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Scenes from Faculty Senate

Faculty Senate Executive Committee Meeting

Minutes #13

December 2, 2008

1. The meeting was called to order at 2: 05 p.m. on Tuesday, December 2, 2008 in the third floor conference room in Green Hall, Chairperson Martin presiding. All members were present.

2. Minutes from Executive Committee Meetings #11, November 12, 2008 and #12, November 18, 2008 were approved. Ms. Grubman said that the Minutes from Meeting #10, October 28, 2008 would be distributed by e-mail for consideration at the next FSEC meeting.

3. Announcements/Correspondence:

a. Chairperson Martin announced that the next meeting of the Board of Governors was scheduled for December 8.

b. Chairperson Martin reported that the Office of the Provost and the IDP were sponsoring two workshops to help faculty prepare online course proposals. She said the faculty involved would participate in an Online fellows program with the intention of offering the online courses during the summer 2009.

4. The Executive Committee discussed Faculty Senate Meeting #3, held on November 20, 2008. They agreed President Carothers' presentation was helpful in clarifying some of the alternative funding issues. Ms. Grubman said at the request of Senator Rosen, she had posted the presentation on the web at

Senator Swallow noted it was unfortunate that the Senate hadn't had the opportunity to continue the informal discussion of alternative funding because they had run out of meeting time. Discussion ensued with regard to following up on the topic at the next Faculty Senate Meeting.

5. The Executive Committee discussed matters of continuing concern:

a. JSPC: The Executive Committee discussed the Agenda for the next meeting of the JSPC, scheduled for December 11, 2008. Since Ms. Morrissey had informed them that the Budget would be a major issue at that meeting, as well as an update from the Provost on academic planning, it was agreed to continue the topic of barriers to research as a matter of faculty concern. The committee agreed to focus on smaller, more doable items at that time.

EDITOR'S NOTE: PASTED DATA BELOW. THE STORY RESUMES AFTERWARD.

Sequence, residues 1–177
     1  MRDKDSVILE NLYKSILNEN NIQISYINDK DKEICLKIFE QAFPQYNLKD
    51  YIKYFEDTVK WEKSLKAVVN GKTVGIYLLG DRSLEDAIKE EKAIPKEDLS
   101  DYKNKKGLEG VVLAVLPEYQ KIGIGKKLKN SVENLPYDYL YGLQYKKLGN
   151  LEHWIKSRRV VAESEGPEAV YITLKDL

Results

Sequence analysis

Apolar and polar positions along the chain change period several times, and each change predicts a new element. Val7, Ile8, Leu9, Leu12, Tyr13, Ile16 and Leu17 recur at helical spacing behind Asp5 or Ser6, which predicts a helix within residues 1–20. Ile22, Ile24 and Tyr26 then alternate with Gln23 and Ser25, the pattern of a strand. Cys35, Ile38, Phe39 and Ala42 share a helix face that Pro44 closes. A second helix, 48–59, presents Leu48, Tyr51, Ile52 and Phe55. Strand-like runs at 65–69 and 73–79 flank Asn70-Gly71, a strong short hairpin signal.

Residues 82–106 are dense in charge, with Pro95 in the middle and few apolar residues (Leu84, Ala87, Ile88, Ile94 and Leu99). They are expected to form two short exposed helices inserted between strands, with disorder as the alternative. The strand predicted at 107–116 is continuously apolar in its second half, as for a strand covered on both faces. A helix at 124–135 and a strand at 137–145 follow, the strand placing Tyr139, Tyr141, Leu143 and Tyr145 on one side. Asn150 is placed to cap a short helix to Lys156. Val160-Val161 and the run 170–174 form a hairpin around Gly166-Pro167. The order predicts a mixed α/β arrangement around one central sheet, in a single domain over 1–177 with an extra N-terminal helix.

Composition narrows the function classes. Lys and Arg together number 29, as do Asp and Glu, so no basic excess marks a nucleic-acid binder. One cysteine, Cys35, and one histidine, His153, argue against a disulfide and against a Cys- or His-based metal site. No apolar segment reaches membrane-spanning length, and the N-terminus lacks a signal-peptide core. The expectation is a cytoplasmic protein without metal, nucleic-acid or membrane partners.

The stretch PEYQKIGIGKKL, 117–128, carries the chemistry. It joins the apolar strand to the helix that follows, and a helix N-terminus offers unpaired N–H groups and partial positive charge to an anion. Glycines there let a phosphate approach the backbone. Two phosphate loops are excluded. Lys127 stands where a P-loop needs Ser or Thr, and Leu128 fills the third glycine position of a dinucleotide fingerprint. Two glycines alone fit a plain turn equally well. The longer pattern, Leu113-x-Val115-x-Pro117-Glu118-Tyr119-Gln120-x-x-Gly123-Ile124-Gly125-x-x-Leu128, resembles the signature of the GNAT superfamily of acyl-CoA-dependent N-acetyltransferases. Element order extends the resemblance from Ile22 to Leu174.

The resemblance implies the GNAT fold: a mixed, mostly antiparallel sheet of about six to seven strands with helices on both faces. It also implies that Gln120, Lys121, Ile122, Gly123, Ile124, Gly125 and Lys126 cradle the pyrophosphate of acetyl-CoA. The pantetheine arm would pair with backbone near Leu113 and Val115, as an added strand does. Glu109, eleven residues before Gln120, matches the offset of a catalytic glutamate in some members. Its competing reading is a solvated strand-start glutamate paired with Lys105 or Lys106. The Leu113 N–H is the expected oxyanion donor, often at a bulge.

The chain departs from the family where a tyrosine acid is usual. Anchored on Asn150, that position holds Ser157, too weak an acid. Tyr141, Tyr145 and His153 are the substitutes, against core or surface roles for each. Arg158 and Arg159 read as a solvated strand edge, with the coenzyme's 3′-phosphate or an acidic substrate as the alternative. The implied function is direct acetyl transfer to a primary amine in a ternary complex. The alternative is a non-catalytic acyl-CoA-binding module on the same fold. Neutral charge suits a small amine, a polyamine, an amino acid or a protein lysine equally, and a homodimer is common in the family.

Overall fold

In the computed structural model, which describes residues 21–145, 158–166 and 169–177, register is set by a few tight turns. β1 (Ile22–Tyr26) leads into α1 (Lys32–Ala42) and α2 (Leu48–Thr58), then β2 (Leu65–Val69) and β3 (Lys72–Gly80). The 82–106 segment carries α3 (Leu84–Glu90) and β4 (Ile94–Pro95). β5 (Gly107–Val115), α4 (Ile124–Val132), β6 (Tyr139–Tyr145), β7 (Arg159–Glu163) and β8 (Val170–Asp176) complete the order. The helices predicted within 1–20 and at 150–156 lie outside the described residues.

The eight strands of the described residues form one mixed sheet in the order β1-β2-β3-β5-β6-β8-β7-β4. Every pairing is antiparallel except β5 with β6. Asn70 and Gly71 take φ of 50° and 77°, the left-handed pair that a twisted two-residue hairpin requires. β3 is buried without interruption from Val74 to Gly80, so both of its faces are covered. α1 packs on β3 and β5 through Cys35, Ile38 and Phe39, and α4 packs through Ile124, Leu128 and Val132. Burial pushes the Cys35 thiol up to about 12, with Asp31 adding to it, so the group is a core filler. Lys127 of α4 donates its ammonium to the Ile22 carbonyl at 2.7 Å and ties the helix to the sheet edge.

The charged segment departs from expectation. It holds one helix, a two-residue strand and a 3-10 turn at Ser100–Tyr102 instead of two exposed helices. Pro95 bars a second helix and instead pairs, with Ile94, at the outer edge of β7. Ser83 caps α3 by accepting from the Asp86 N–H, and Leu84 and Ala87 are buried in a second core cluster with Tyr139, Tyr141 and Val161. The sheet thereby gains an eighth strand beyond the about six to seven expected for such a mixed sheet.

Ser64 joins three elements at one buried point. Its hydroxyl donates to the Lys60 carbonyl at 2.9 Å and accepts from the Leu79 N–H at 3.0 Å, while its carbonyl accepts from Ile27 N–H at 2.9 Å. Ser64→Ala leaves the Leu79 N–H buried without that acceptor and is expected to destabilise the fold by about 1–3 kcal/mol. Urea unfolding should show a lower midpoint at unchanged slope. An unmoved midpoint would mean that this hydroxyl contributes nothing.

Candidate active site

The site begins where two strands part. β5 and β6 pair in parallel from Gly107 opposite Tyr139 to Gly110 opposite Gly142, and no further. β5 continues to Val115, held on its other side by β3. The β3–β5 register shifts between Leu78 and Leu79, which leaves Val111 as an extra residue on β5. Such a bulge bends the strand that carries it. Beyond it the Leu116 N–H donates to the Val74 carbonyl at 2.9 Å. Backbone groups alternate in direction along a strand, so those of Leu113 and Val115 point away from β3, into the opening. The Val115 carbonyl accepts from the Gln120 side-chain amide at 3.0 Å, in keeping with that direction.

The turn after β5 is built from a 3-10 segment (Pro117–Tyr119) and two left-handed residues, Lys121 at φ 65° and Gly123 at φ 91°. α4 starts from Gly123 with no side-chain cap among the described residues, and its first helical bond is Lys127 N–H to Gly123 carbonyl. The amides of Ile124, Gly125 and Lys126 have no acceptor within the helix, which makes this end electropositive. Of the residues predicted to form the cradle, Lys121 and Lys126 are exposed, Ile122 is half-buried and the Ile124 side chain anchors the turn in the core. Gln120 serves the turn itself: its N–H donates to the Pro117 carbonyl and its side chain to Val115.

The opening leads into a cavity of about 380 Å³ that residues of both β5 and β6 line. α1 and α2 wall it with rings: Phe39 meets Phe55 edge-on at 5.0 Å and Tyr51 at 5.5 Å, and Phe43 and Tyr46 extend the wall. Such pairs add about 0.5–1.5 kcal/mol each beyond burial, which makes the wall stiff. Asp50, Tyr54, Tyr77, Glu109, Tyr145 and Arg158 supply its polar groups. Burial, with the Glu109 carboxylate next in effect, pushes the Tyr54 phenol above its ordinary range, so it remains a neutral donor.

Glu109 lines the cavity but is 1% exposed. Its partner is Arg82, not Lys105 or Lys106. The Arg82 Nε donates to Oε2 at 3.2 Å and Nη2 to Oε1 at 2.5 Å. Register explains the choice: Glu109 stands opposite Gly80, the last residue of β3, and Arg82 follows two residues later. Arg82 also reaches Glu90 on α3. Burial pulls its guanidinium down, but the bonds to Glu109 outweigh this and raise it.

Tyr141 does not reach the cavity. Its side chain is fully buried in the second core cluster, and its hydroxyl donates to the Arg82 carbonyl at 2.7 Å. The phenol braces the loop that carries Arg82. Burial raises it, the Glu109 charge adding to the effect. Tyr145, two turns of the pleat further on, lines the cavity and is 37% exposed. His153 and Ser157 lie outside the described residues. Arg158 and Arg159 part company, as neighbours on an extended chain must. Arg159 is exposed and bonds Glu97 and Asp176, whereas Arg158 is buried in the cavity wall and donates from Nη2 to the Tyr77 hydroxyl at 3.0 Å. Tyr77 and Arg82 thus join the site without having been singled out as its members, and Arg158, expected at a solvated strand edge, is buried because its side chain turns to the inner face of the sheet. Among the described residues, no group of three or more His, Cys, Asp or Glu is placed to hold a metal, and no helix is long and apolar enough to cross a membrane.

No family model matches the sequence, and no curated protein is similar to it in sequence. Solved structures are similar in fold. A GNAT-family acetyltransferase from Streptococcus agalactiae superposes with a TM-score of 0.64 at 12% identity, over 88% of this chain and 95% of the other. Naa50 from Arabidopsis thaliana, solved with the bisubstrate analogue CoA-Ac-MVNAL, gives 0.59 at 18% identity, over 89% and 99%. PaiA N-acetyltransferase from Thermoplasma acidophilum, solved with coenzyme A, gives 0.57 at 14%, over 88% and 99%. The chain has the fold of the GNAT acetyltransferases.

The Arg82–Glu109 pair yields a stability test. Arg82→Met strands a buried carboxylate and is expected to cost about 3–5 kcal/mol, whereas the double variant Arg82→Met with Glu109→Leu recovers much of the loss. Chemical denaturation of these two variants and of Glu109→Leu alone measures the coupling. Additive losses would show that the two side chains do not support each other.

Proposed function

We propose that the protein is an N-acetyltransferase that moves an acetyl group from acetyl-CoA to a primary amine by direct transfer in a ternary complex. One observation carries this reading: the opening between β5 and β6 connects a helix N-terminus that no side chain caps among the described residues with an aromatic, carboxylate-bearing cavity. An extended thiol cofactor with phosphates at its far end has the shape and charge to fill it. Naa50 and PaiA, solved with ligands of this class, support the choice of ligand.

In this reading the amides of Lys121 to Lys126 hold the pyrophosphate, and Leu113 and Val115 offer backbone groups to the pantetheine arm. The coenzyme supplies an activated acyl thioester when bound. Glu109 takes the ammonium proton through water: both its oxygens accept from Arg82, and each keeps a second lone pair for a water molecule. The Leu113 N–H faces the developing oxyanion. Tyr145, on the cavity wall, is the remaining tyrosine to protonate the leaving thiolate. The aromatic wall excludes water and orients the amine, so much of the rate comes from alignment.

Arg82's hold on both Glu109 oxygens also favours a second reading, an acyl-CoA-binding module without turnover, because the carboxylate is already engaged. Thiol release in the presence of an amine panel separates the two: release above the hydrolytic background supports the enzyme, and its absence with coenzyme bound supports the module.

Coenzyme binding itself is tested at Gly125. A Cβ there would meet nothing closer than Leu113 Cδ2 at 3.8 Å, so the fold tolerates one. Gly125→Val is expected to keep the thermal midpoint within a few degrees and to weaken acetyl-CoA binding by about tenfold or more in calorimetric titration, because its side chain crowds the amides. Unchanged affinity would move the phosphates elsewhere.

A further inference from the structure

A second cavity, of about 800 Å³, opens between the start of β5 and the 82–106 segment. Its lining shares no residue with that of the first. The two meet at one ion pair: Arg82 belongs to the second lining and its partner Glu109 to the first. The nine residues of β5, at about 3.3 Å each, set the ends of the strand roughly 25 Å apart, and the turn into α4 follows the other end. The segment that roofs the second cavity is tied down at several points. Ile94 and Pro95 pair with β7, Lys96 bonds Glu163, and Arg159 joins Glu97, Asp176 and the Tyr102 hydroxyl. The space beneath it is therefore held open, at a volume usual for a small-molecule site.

b. The Blue Ribbon Study Commission on the Future of URI: Chairperson Martin said she had an appointment with Provost DeHayes for Monday December 8 to discuss the questions raised by the Executive Committee after reviewing the draft at their previous meeting.

6. Provost DeHayes met with the Executive Committee from 3:00 to 4:20 p.m. Senator Hicks, Chairperson of the University College and General Education Committee (UCGE), joined the meeting as well. The following matters were considered:

a. Four Credit courses: Provost DeHayes said that although he had suggested that departments/programs consider the possibility of moving to a 4-credit model, he had not asked that everyone move in that direction. He said perhaps a hybrid of both 4-credit and 3-credit courses might be the way to proceed. He noted that his goal has been to get faculty to look at more efficient ways to deliver the curriculum. He told the FSEC he would like to be able to reward innovation, but given the limitations on funds, changes had to be cost-effective as well as academically sound.